Feb. 5 (Bloomberg) -- Echo Entertainment Group Ltd. slumped to a record after saying Chief Executive Officer John Redmond will step down and earnings plunged 31 percent in the fiscal first half on a decline in VIP gambling revenue.
The casino operator fell 6 percent as of the close in Sydney to A$2.18, the lowest since Echo was spun out of Tabcorp Holdings Ltd. in 2011. Redmond, who started in the role Jan. 18 last year, will leave the company May 1 and be replaced by Chief Financial Officer Matt Bekier, the CEO said on a conference call.
Echo will face competition from billionaire James Packer’s Crown Resorts Ltd. in Sydney, where its Star casino is losing its monopoly, and from new entrants in Queensland state where it has the only casinos in Brisbane and the Gold Coast. Sales to high-rolling VIP gamblers at the Star fell 17 percent in the six months ended December from a year earlier as Echo trimmed customer discounts.
“There’s so much uncertainty surrounding the stock,” Killian Murphy, an analyst at CIMB Group Holdings Bhd. in Sydney, said by phone. “There’s no overarching reason to hold it at the moment.”
Net income in the six months ended December was A$46 million ($41 million) as the company lost money on interest rate derivatives and won fewer-than-expected bets against high-rolling VIP gamblers. That missed the A$56 million median estimate of four analysts surveyed by Bloomberg News.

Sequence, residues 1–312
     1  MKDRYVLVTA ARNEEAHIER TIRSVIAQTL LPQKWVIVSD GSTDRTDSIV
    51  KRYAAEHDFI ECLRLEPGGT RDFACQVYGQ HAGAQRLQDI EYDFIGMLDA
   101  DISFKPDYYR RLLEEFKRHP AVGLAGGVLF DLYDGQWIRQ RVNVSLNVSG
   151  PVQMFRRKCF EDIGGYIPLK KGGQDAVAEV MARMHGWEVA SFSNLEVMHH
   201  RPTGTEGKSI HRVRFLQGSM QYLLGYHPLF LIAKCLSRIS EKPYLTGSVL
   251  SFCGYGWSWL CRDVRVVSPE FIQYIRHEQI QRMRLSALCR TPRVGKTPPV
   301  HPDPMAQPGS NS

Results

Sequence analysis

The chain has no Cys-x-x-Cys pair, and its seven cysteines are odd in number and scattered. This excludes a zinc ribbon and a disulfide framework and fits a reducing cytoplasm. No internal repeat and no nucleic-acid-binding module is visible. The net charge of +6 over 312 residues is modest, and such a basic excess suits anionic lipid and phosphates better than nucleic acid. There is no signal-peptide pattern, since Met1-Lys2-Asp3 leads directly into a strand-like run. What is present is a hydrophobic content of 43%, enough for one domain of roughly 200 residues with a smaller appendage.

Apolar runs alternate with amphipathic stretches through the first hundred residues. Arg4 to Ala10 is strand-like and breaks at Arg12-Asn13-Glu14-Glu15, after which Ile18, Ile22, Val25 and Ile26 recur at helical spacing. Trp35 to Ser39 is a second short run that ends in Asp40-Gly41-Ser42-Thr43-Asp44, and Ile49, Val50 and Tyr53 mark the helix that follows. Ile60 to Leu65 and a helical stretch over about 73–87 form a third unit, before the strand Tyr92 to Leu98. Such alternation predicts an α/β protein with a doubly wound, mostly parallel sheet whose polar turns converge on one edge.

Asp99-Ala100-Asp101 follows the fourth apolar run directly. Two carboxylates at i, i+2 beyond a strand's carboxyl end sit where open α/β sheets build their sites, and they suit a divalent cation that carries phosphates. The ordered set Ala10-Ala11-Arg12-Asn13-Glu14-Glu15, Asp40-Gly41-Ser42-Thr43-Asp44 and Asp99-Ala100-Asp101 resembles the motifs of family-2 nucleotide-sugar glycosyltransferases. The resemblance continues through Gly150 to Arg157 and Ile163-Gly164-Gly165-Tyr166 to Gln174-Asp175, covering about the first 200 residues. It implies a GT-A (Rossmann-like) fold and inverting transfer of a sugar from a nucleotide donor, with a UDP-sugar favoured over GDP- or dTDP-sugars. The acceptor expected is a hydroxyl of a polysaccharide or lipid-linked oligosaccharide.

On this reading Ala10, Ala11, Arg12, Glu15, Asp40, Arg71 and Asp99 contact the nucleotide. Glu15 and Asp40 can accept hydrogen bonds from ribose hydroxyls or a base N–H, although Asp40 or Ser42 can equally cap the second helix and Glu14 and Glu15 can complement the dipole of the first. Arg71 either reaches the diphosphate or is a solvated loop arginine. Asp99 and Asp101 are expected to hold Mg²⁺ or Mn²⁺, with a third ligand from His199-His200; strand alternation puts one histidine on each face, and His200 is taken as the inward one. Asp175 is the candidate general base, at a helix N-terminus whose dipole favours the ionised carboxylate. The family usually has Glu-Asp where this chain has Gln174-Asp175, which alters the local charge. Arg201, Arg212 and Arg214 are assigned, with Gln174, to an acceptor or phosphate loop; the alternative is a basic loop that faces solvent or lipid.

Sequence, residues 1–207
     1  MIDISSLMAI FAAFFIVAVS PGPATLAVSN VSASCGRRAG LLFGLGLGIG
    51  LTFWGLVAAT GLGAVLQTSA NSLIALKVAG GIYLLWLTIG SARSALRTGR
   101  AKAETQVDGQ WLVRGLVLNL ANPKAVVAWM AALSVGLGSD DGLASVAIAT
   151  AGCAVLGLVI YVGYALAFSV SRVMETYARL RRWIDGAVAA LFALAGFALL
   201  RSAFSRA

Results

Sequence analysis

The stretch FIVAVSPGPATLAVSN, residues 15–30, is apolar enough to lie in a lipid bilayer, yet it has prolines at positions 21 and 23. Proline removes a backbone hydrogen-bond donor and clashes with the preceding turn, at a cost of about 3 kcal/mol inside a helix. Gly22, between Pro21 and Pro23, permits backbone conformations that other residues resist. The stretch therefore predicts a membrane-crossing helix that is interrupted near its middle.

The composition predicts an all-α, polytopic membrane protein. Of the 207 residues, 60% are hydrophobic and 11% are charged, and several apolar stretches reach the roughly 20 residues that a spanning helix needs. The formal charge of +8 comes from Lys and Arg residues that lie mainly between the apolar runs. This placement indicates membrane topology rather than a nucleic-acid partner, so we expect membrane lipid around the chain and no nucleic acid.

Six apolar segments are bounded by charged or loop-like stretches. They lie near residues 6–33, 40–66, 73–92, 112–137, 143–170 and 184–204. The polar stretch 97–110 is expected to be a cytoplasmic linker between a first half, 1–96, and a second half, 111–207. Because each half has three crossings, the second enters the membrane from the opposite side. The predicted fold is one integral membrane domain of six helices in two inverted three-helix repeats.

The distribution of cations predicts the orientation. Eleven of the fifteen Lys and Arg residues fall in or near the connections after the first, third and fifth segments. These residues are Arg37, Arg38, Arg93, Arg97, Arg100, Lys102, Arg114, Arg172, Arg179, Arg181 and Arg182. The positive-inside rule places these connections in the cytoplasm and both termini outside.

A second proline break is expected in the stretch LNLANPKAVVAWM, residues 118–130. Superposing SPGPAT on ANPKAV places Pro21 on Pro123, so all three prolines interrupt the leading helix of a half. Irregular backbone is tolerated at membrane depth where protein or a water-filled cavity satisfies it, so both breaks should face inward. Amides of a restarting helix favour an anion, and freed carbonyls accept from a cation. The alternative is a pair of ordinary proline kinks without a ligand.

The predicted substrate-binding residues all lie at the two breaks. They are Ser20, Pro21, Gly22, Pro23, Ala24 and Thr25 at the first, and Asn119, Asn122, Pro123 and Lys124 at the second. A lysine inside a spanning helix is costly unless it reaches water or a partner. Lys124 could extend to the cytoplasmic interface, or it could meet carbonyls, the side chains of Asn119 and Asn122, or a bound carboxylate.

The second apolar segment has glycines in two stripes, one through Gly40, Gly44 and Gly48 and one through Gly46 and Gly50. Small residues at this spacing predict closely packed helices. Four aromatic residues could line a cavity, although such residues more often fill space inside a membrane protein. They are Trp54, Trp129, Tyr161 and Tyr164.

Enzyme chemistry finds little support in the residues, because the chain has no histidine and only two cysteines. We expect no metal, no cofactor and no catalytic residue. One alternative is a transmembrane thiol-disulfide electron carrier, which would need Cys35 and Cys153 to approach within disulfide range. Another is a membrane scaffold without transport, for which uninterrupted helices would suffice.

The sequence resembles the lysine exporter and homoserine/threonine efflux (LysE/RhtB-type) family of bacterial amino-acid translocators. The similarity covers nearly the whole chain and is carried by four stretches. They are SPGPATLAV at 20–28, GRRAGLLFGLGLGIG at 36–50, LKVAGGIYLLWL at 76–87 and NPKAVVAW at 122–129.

Redmond, a former chief executive of MGM Grand Resorts had promised to bring his expertise in managing large, Las Vegas-style casino resorts to help Echo capitalize on Asian gamblers and tourists.
He “helped us at a particularly difficult time,” Chairman John O’Neill said in a conference call. “He provided leadership, he provided stability,” and was returning to his home in the U.S. for personal reasons, O’Neill said.
The reason for his departure “is not an area I’m going to elaborate on,” Redmond told a news media conference call after the results.
Bekier, who has been Echo’s chief financial officer since its 2011 listing, will take on the chief executive role after a three-month transition, according to the statement.
There was “soft underlying consumer sentiment” during the first half of the year, O’Neill said in the statement, driving sales to domestic visitors and gamblers down about 3.5 percent from a year earlier.
Echo last month announced plans to sell its Townsville casino for A$70 million and said today it was seeking development approvals to spend A$345 million expanding and refreshing its casino in the Gold Coast south of Brisbane.
To contact the reporter on this story: David Fickling in Sydney at firstname.lastname@example.org
To contact the editor responsible for this story: Stephanie Wong at email@example.com